Frito Lay has been steadily making inroads on sustainability throughout their operations. Beginning in late 2010, they launched an innovative electric fleet of delivery vehicles around the U.S., and have steadily been building out the fleet in key markets since then.

EarthTechling recently sat down with Frito Lay’s National Fleet Sustainability Manager, Steve Hanson, and his regional Pacific Northwest counterpart, Rich Wilson, to talk about everything from how these vehicles have boosted internal morale to whether you might buy an extra bag of Doritos once you get a look at one of them.

EarthTechling (ET): Start at the beginning and tell us how this program got off the ground. Why big electric vehicles?

Frito Lay (FL): Part of our objective at Frito Lay/PepsiCo has been broad corporate sustainability, a program going back really to the late 90s that’s primarily centered in manufacturing. On the fleet side, when fuel hit three and four bucks-a-gallon people started getting really serious about fleet sustainability. So we set some internal targets and now we’ve got public targets surrounded around turning down our on-road fuel usage by 50% by 2020.

ET: How many trucks are you guys rolling out across the country?

FL: Last year we ended up with 176 on the road in the U.S. and Canada, and then we’ve placed our next order for 15 and those should hit the road in the first quarter.

ET: Have you guys done calculations on your end about when it becomes cost effective? Or is it more for you guys a strategic environmental target that you’re trying to hit?

FL: Certainly one of the points of emphasis in all our sustainability activities is we are a publicly traded company. We do have to answer to shareholders at the end of the day so we’ve never tried to be green for the sake of being green. Certainly along with that comes the whole green-washing piece and the token purchase and press release. That’s really not the emphasis of what we’re trying to do.

We definitely need to see an economic return on the purchase. It’s a capital intensive project. The particulars we wont go into, but its a fairly manageable number that’s well within the capability of the vehicles, of the battery pack, the size of the purchase – if we’re hitting a number between 35 and 42 miles per day then that puts us where we need to be to hit our cost goals.

ET: With almost every publicly traded company that we talk to, the goal has to be somewhat economic and it looks like you guys obviously did the math about the hybrids vs. the electrics.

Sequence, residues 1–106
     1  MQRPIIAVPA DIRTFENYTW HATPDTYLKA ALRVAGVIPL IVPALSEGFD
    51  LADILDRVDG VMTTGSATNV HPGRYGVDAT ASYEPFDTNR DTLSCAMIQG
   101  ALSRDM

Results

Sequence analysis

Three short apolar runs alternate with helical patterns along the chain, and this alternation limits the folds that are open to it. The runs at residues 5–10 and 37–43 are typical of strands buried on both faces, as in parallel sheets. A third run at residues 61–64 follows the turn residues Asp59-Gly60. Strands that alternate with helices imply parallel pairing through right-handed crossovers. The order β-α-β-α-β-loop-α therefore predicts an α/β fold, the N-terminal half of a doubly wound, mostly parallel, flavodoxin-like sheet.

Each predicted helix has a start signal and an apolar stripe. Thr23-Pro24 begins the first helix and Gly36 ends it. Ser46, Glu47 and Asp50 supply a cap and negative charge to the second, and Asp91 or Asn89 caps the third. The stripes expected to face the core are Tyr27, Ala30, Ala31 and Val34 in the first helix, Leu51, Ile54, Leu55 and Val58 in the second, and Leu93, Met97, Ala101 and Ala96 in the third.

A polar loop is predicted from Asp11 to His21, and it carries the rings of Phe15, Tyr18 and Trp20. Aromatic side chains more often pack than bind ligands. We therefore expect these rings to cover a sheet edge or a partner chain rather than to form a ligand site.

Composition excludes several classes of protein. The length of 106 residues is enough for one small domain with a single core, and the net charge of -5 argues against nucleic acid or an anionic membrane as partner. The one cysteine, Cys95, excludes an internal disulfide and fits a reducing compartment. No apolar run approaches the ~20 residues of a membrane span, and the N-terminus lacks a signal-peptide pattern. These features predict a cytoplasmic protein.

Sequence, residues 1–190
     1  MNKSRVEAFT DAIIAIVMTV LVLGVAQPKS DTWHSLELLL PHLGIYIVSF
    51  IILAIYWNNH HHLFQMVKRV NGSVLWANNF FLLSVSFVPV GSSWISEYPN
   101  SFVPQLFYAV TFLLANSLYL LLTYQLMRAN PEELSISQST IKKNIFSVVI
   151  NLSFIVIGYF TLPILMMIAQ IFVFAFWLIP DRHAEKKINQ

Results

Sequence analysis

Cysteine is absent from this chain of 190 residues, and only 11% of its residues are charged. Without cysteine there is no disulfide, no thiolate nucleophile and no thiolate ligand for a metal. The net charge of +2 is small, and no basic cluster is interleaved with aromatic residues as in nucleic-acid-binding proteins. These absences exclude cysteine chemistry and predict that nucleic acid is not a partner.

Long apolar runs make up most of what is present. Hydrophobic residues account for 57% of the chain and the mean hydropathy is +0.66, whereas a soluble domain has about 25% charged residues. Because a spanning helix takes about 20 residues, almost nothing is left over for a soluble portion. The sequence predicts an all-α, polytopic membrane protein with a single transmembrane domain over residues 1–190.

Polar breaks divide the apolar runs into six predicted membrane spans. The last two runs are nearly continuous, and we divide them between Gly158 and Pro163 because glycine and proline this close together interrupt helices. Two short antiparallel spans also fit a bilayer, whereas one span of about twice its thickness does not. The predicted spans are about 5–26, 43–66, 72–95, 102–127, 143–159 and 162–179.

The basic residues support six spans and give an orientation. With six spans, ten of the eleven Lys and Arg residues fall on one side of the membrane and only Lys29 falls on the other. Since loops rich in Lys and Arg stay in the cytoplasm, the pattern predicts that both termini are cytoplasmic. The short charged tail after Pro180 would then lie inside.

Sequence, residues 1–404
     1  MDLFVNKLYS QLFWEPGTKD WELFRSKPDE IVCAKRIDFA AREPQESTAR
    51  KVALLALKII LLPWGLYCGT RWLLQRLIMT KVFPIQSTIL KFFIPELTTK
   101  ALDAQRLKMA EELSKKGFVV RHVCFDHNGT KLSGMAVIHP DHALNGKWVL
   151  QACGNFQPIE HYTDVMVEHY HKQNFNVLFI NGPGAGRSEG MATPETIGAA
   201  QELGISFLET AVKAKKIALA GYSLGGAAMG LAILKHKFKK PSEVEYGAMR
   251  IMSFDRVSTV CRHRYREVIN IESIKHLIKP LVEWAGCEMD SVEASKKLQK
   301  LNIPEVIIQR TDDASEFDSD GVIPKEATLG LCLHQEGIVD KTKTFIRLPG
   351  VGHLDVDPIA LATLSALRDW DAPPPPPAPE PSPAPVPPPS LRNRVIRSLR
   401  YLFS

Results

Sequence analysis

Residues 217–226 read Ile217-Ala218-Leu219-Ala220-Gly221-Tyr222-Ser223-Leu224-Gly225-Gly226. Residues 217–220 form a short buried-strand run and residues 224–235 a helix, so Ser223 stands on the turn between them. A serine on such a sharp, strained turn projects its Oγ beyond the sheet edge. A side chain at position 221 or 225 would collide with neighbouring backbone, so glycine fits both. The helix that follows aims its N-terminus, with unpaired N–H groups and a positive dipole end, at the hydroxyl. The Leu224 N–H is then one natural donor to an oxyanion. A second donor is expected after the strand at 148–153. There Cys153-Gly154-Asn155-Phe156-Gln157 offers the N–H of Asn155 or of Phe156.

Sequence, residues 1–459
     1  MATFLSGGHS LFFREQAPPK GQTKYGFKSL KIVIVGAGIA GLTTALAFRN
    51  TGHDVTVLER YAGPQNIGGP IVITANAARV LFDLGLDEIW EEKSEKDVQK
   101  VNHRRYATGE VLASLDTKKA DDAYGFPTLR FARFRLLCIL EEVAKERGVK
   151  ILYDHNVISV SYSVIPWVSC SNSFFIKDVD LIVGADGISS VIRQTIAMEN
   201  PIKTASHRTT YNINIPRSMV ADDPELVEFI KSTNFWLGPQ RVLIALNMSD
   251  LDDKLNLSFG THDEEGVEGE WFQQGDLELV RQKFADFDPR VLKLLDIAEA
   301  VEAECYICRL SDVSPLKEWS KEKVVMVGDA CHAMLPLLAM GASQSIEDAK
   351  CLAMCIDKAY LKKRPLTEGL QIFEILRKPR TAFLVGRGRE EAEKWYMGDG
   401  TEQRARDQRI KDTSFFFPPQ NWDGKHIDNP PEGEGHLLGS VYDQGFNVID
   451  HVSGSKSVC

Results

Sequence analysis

FL: Yeah, we did some testing back probably seven years ago with the state of Texas on some hybrid delivery vehicles, which is a smaller class of truck. We got, quite honestly, decent fuel performance but we could go spend $20,000 less on the cleaner new diesel technology and get better MPG so it didn’t make sense to pay for all that extra complexity.

The beauty and the sweet spot to be in when it comes to fleet is that you save money and reduce emissions and do the right things by the environment- it’s all the same thing. It’s not this balancing, complex equation. It’s less fuel, it’s less emissions, it;s less money, it’s fairly simple.

And when you’re trading to 10 cents per kWhour for electricity from three or four dollars per gallon of fuel, the math isn’t rocket science.

ET: Do you feel like it is generating consumer goodwill as well? That people see the trucks and feel positively about them?

FL: We’re probably never going to do big marketing campaigns around this – we’re a consumer product brand, we’re not a transportation company or whatever. But, you know, you like to see it and you start to hear lots of stories about people who start to notice these things, and we don’t take it for granted that we need to win over our consumers everyday and earn their trust and respect as a company.

ET: Where are the trucks being deployed now? They are here in Portland, and you said you have 176 trucks around the country.

FL: Yep, we’ve got a sizable number in the Bay Area as well as Southern California, a couple markets in Texas, Atlanta, Orlando, the D.C. Metro area, New York City, Boston and Columbus, Ohio. And then we’ve got a couple trucks in Toronto and Montreal.

image copyright EarthTechling

ET: Do local government programs influence at all where you guys decide to put the trucks?

FL: It certainly helps. At this point in time it’s no shock to anybody that it’s an expensive proposition. It’s very early on and government incentives definitely help to make the economics more feasible and make it successful in our program. So we absolutely take that into the factors that we look at.

ET: What do the drivers really love about the trucks?

FL: It’s new. It’s brand new, so I mean, everyone likes a brand new rig. It’s quiet and doesn’t have a diesel making a lot of noise. They can talk to somebody out the window of the rig at the store or whatever. It is also just the pride of, “I’m drivin’ something that’s cutting edge stuff.”

ET: Where can people expect to see the trucks next?

FL: I would say you can expect to see a bunch more in the Pacific Northwest as well as California. New York is certainly being aggressive about trying to induce folks into coming and putting more trucks in their state, so we’ll do our best to accommodate them as well.

Patricia Marchetti

This post originally appeared at EarthTechling and was republished with permission.

Comments

  1. Sandhya
    nUtrEIiTvRnPVwNqiR
    July 30, 2012, 5:33 am

    It’s going into the Twitter feed and we’ll be by sometime soon. The first time I try a truck it’s alyaws anonymous, but I’ll come by ASAP!!! It seems worthy of mention that yesterday I just couldn’t find a truck I wanted to visit so we went to Tofoo Com Chay on Santa Clara because I just really needed some good Veggie Viet food. If you had been up, we would have been there (I try to bring along my carnivorous friend).See you soon!